LYONS — The question of whether the Wayne County Board of Supervisors would continue to share sales tax revenue with county school districts remained unanswered Tuesday morning.
The board’s Finance Committee had scheduled a discussion on sales tax for the end of its session, which started at 8:30 a.m. Several agenda items were taken care of, then the committee went into executive session to discuss what Chairman Bill Hammond described as litigation.
At 11:15 a.m., after an hour and 40 minutes in executive session, the committee reconvened in the board chambers upstairs in the courthouse. But that meeting lasted just seconds. Hammond offered Red Creek school district Superintendent Dave Sholes a chance to speak on the subject of sales tax sharing. Sholes said if the matter wasn’t going to be discussed, he had nothing to add. If it were to be discussed, he asked for an opportunity to offer comment.
With that, Hammond adjourned the committee meeting until Friday at 9 a.m. Hammond explained later that “some board members need to have some more time to get their questions answered. They want to get more information about sales tax distribution from our staff members.”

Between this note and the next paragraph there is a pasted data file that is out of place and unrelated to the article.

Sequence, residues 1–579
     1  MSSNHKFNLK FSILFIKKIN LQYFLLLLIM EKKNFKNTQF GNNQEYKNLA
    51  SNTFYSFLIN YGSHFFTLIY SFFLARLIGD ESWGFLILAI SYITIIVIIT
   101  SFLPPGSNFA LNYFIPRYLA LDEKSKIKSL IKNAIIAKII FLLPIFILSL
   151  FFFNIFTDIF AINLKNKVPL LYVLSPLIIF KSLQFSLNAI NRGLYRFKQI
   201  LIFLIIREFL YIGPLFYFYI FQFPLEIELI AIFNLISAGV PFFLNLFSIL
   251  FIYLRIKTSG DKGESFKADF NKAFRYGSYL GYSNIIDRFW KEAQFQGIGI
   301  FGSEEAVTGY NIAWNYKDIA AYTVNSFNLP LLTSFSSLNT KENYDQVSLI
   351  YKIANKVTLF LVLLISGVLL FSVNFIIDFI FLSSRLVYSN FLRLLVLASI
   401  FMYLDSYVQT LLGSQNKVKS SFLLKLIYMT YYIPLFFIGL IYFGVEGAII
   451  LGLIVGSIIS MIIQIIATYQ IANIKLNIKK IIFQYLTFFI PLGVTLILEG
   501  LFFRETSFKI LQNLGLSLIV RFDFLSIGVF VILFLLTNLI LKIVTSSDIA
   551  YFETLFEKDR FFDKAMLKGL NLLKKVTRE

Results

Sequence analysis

To date, the only numbers about potential tax savings to property owners have been produced by Ontario Supervisor Bob Kelsch, who said last Wednesday that he was working with his own calculations and sources of information.
It was Kelsch who started the debate when he made a presentation to the Finance Committee last month, predicting that town and village taxpayers would ultimately be better off if the school districts would no longer get the share of sales tax revenue that has been bestowed for 45 years. Based on his numbers, the average property owner would come out ahead because even though school taxes would probably go up, lower town and village taxes would probably offset the increase.
School districts, which would lose $5.4 million in county sales tax revenue on top of repeated pullbacks in state aid, were united in their opposition to any resolution to withdraw the sales tax revenue — a program that was set up in 1968 to help defray property taxes.

School superintendents and business owners from Wayne County plan to share their concerns about the possible loss of $5.4 million in county sales tax revenues from the 11 Wayne County school districts in a press conference tomorrow.
The event takes place Thursday, Dec. 12 from 9 to 10 a.m. at the Wayne-Finger Lakes BOCES Regional Support Center in the Eisenhower Building, 131 Drumlin Court, Newark.